“Newsrooms need to be more representative of the communities they cover, and the stories need to be more representative of those communities.”

Chua also spoke openly about her personal journey of acceptance and self-understanding, and she said the experience of spending so much time at home during the pandemic had a positive effect on her transition.

“Life’s too short to be someone you don’t want to be,” said Chua.

Watch the full discussion below:

Alan Loynd on His Career at Sea and Recovering a 747 From Victoria Harbour

Who do you call when a 747 slides off the runway into Hong Kong’s harbour? You call Alan Loynd, who spent twenty years as Salvage Master with the Hong Kong Salvage & Towage Company. In a lunch talk at the Foreign Correspondents’ Club, Hong Kong, Loynd discussed the highlights of his exciting and at times dramatic career, which included stints on cargo ships, passenger ships and avoiding attack in the Persian Gulf during the Iran–Iraq War, all of which is recounted in his recently published memoir All at Sea.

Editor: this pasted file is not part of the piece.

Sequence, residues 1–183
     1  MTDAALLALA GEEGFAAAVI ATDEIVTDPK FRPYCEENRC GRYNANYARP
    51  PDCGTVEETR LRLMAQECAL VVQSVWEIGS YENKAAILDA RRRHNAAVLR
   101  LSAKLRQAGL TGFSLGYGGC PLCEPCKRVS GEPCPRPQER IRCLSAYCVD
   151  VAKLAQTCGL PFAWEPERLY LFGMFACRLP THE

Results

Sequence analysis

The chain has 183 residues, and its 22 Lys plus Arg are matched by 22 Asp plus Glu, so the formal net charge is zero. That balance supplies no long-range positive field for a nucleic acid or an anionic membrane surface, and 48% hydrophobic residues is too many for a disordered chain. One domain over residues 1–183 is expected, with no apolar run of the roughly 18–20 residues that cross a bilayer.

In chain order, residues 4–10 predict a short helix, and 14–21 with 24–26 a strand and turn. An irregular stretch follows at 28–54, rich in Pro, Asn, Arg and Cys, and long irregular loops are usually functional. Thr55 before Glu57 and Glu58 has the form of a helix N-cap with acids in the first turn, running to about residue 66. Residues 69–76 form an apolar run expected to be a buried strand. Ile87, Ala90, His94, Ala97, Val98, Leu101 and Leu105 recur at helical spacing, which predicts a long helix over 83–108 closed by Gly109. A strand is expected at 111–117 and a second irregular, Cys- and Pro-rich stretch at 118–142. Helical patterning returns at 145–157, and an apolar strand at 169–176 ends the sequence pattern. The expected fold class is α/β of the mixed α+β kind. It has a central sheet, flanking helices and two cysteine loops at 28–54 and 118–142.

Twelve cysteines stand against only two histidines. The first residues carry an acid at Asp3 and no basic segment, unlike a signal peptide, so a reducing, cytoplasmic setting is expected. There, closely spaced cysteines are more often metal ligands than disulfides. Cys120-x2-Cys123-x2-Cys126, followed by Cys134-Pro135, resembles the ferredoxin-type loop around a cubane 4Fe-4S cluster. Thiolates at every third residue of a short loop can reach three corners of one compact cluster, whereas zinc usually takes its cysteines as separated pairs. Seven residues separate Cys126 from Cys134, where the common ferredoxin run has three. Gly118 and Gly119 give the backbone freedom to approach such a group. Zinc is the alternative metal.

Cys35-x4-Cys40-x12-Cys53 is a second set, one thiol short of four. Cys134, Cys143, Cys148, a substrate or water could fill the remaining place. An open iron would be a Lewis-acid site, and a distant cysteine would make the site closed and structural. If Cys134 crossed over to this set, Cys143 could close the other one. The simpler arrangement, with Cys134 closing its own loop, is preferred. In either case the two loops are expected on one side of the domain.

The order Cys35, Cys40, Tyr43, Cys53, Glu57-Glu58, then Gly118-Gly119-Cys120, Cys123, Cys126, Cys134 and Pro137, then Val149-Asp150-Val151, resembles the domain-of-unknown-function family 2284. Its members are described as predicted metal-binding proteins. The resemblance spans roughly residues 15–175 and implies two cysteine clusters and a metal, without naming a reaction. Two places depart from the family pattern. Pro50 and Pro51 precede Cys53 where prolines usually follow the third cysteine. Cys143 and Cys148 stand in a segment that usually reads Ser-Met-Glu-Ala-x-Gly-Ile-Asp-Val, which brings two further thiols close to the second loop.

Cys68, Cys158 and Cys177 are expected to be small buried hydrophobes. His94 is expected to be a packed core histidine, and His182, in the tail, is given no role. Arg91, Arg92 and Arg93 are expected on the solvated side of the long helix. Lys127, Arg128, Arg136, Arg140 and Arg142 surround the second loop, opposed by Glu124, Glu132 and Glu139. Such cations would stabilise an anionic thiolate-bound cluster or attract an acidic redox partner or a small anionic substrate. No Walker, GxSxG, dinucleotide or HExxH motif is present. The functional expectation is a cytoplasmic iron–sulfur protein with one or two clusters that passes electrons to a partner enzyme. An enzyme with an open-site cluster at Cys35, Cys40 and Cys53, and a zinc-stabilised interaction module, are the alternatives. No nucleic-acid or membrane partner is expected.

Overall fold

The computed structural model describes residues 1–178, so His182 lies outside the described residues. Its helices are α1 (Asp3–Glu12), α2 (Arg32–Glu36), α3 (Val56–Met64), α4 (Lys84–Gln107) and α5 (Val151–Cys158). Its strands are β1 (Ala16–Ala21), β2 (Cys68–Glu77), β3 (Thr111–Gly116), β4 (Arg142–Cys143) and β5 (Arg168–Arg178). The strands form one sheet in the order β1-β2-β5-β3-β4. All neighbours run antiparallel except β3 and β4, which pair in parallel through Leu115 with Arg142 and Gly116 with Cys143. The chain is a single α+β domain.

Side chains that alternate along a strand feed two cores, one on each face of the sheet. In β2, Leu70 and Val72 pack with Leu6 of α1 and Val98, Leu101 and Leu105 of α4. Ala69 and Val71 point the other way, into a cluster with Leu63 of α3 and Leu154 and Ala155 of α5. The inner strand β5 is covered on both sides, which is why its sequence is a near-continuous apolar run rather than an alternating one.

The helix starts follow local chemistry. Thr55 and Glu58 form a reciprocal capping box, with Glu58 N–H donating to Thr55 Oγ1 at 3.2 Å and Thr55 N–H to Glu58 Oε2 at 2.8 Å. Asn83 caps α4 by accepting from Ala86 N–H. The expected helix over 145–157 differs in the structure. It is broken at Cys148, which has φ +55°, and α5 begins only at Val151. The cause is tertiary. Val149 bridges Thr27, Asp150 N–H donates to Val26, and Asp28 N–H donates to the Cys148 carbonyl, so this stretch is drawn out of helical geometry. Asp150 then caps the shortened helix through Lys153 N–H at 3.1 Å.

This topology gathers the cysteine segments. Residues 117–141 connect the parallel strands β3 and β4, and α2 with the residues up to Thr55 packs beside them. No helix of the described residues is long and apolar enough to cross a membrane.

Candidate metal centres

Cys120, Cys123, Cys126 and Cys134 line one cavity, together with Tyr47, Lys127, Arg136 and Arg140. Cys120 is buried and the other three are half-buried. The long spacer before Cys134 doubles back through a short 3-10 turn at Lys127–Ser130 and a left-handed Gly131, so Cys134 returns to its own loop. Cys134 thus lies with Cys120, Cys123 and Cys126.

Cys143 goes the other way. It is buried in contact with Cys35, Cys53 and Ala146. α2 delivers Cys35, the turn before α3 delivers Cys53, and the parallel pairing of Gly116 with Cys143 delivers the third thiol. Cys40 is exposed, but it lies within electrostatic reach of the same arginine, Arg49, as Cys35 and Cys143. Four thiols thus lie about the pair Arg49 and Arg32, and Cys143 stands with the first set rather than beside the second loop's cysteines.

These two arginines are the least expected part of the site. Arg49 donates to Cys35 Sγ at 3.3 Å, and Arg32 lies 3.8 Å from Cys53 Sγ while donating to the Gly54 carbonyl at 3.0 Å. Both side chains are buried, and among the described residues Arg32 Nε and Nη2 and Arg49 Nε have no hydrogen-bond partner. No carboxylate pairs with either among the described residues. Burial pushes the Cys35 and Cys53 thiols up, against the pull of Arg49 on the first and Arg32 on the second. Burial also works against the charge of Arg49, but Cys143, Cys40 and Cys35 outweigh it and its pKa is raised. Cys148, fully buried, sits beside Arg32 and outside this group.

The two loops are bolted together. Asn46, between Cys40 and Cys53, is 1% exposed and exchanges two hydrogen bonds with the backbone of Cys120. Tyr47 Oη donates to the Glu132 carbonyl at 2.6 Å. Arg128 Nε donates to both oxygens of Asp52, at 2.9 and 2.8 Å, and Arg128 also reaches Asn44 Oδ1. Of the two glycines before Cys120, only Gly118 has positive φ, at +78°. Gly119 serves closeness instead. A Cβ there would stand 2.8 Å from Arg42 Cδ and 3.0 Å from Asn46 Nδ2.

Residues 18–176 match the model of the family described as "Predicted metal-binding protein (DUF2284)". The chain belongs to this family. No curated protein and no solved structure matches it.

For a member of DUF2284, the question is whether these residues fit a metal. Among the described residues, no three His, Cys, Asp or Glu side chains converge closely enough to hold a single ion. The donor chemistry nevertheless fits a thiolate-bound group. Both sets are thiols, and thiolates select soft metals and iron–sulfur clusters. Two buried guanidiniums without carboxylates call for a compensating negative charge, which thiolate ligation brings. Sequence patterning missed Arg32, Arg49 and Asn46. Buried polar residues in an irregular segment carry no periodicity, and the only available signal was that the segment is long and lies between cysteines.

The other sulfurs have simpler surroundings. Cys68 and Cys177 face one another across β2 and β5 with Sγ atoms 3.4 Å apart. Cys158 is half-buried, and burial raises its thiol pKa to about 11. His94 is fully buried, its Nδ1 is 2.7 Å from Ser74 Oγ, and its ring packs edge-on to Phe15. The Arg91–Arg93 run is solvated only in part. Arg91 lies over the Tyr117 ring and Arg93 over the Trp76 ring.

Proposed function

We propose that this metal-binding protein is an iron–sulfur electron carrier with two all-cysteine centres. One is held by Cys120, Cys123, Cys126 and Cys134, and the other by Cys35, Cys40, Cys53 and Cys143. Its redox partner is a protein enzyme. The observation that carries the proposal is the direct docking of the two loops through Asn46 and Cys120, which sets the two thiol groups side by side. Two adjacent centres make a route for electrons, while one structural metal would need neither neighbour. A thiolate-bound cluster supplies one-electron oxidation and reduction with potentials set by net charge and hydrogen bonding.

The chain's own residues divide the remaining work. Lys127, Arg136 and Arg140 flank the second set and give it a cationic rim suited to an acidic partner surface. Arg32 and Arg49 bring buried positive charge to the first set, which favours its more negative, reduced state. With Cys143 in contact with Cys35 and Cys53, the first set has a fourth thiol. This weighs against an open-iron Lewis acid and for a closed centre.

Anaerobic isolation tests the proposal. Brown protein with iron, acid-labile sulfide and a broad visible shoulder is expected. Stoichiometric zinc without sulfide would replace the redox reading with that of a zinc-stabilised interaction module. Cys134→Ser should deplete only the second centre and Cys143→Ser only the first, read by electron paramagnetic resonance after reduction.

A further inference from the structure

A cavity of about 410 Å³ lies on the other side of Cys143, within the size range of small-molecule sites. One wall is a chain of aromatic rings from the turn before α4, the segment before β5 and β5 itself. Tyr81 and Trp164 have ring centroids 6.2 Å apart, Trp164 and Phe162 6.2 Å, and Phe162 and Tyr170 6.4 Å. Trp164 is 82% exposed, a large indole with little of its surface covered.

“I can’t remember a time when I didn’t want to go to sea,” said Loynd.

He explained how growing up in post-World War II Britain meant he was surrounded by stories of exotic places his relatives had visited during the war, places like Japan, Indonesia and Hong Kong. Though the country setting in Devon looked idyllic, Loynd said that there were no jobs and it was quite an austere time, so he happily left for better opportunities in more exciting locales.